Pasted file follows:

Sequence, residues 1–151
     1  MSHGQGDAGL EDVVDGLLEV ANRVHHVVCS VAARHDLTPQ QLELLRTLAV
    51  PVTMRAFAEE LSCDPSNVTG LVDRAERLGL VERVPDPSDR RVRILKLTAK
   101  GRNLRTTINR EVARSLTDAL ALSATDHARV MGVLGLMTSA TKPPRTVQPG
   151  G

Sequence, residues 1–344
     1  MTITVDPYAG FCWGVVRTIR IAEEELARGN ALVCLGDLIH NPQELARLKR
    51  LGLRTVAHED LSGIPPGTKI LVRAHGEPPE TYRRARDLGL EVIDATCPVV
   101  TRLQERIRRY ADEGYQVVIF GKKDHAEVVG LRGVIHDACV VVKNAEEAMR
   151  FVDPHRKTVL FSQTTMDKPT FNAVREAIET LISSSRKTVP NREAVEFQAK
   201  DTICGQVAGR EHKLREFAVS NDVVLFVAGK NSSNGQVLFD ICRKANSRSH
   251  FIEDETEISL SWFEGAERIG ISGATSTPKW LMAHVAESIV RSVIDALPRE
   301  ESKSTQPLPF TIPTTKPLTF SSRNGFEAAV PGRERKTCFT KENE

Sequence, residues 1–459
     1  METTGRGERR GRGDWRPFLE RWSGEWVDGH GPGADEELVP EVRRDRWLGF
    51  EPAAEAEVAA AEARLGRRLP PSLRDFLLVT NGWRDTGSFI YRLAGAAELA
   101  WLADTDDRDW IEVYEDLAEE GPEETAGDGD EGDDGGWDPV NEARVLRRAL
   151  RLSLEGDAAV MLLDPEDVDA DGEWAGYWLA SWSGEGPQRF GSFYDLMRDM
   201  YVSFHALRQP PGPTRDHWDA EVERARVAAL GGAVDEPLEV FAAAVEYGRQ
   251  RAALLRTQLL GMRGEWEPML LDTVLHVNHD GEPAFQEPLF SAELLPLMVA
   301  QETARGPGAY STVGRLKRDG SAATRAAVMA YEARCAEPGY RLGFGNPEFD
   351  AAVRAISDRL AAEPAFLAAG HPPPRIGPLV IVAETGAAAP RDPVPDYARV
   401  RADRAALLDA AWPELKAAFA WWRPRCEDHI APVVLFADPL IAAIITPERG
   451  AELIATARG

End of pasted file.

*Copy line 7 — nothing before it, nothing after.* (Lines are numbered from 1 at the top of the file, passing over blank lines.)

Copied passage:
     1  MTITVDPYAG FCWGVVRTIR IAEEELARGN ALVCLGDLIH NPQELARLKR